The initiative of the Preserve Ancient Kyiv organization helped prevent several other illegal property development projects. In particular, there were plans to raze a 17-storey and 100-meter long apartment building on the territory of the Oleksandrivskiy Hospital. In March 2009, the Supreme Economic Court reversed the decision of the Kyiv City Council on the allotment of this plot of land. In December 2009, a kindergarten on Lukyanivska St. was saved through court proceedings and in 2010 – a square on Prorizna St. In 2010-2012, the courts banned several construction projects near the St. Sofia Cathedral.
Roads to Europe
On February 1, 2011, the Public Road Control project was launched. Its objectives are to protect the rights of motorist, introducing certain measures of order and eradicating corruption in road construction and the parking business. On April 21 of this year, the first achievement was made in this sphere: a stretch of highway was repaved in response to claims submitted to the State Auto Inspection bureau regarding potholes along the roads. Now nearly 2,500 potholes on roads in different cities of Ukraine are registered on the database of the Public Control portal.
On May 14, 2012, the Paint the pothole project was launched. More than 100 owners of cars and motorcycles in Odesa agreed in their forums and on social networks to paint the numerous road potholes in white color. Activists in other cities of Ukraine quickly followed their example.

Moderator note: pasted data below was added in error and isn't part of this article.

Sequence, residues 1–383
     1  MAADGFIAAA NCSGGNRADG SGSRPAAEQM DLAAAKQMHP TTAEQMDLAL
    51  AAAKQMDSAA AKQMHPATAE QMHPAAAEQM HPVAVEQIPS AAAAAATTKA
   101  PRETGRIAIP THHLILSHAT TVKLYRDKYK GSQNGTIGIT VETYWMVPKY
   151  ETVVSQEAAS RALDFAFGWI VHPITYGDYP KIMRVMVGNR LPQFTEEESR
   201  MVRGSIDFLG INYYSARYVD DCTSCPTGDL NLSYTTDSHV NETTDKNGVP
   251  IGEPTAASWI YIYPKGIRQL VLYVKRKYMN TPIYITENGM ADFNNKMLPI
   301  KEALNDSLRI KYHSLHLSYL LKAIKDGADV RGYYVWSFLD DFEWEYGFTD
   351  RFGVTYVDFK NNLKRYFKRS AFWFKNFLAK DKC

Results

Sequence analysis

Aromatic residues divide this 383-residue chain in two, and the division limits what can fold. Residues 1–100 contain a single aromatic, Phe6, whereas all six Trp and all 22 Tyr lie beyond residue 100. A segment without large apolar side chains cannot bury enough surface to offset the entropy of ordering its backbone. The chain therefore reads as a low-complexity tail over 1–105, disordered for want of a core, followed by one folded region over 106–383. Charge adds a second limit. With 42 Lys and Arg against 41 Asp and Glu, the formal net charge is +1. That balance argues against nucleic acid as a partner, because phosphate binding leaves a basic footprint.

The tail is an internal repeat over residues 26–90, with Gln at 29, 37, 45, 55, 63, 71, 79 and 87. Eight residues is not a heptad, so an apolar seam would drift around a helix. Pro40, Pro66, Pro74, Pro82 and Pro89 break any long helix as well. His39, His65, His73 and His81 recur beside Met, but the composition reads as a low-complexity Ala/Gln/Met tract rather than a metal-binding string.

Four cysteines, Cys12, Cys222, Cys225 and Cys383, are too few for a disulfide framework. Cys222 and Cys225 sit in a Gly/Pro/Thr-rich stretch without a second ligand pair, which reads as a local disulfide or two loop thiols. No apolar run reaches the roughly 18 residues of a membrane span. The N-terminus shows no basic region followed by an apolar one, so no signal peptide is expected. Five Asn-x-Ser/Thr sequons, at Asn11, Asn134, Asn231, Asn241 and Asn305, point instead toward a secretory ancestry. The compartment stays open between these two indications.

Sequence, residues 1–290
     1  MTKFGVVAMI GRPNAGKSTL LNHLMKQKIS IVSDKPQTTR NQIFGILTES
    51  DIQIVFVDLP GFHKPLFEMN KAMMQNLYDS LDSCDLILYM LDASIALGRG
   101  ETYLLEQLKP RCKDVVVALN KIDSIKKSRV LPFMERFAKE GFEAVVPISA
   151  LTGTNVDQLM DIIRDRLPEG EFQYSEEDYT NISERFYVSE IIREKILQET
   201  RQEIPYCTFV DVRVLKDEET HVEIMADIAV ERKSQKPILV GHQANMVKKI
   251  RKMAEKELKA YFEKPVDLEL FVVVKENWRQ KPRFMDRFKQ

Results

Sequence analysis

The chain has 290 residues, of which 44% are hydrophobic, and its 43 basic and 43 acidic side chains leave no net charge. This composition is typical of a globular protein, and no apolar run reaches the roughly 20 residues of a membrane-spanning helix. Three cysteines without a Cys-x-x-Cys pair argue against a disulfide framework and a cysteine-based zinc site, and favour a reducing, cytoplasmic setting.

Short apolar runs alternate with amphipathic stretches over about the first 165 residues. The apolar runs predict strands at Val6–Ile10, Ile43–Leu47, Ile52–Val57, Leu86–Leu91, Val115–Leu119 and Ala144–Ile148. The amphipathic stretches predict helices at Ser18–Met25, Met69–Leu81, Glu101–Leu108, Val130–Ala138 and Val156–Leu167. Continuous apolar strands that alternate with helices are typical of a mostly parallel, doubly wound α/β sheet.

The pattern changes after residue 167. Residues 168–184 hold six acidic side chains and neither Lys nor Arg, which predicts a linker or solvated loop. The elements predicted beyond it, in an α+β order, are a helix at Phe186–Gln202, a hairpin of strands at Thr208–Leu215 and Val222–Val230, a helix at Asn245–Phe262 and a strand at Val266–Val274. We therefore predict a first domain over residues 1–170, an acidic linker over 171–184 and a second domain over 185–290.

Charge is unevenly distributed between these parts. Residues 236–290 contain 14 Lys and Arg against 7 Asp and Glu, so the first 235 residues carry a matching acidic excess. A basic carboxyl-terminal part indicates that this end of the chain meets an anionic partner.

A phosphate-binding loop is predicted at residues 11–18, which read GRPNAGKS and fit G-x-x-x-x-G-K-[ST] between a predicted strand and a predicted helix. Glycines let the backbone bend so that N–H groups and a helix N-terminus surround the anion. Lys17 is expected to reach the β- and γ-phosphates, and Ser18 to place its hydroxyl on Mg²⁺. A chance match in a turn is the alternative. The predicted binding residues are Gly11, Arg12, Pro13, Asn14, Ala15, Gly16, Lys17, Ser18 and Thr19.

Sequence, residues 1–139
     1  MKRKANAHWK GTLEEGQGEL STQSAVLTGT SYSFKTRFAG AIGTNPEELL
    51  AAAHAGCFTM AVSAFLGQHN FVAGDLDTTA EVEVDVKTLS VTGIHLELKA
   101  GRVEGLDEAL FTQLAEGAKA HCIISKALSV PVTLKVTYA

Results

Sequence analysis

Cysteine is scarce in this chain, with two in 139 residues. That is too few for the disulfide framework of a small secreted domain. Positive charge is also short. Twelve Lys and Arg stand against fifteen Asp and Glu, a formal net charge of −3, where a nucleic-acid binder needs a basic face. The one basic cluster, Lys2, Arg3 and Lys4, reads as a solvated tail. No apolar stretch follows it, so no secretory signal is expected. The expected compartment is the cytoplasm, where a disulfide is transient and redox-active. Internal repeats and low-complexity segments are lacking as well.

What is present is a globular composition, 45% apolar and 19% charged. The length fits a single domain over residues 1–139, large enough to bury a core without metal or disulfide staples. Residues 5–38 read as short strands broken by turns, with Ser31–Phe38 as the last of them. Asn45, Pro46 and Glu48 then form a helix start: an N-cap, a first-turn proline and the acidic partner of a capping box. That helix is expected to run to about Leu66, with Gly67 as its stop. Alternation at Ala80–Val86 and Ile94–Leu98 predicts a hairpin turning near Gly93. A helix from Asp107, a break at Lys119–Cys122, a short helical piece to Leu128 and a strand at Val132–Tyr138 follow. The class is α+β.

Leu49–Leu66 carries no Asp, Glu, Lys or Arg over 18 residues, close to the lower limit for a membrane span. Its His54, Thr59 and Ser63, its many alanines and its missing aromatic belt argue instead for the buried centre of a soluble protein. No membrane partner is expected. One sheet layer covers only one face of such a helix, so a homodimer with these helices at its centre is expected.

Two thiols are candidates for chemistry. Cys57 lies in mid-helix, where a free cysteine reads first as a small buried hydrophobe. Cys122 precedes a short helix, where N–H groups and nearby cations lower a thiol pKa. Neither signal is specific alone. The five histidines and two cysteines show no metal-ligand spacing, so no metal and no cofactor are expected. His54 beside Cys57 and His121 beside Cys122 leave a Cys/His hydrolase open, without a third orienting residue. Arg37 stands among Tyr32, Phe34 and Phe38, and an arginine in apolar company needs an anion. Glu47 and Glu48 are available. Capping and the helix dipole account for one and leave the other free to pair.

Advocates of justice
On October 2, 2012, the Holosiyivskiy District Court of Kyiv sentenced Dmytro Pavlychenko to life imprisonment and his son Serhiy to 13 years in prison. In response, football fans all over Ukraine protested against the freewill of the police and unfair justice against Pavlychenko, who they call their friend and brother.
They raised banners in support of the Pavlychenko family in many stadiums throughout the country. Since November 2012 people staged demonstrations in Kyiv and other cities of Ukraine in support of the rights for justice. Since January 2013, the case is being reviewed by the Kyiv Court of Appeals. Thanks to the movement “Freedom for Pavlychenko”, the whole country is aware of this case.
Hatred of playboys
The suffering and death of Oksana Makar in March 2012 shook Ukrainian society not only due to the horrific brutality of the crime committed in Mykolayiv, but also the information that among three rapist were sons of high-ranking officials. The fear that the golden boys will go unpunished sparked mass protests in Mykolayiv, Kyiv, Odesa, Kharkiv, Sumy and Lviv. The term “mazhory” (spoiled kids of big-wig parents) made its way to the media vocabulary.
In November the assailants were sentenced (one for life, two others to 15 and 14 years), this did not cool down the tempers of the people regarding the unlawfulness of the cops. Indeed, when a drunk driver behind the wheel of an expensive car runs over a pedestrian, hundreds of local residents come out to the scene of the crime in protest.
But surely the greatest excitement this year occurred in Vradiivka, a county town in Mykolaiv oblast. Local residents rioted to achieve punishment of two police officers (one of whom is a nephew of a District Prosecutor of Mykolaiv). The cops are suspected of raping and beating up a young woman on June 26. The Vradiivka unrests showed that Ukrainian society is particularly sensitive to the cases where the perpetrators can go unpunished because of their ties and mutual cover-up at all levels of power.Printable version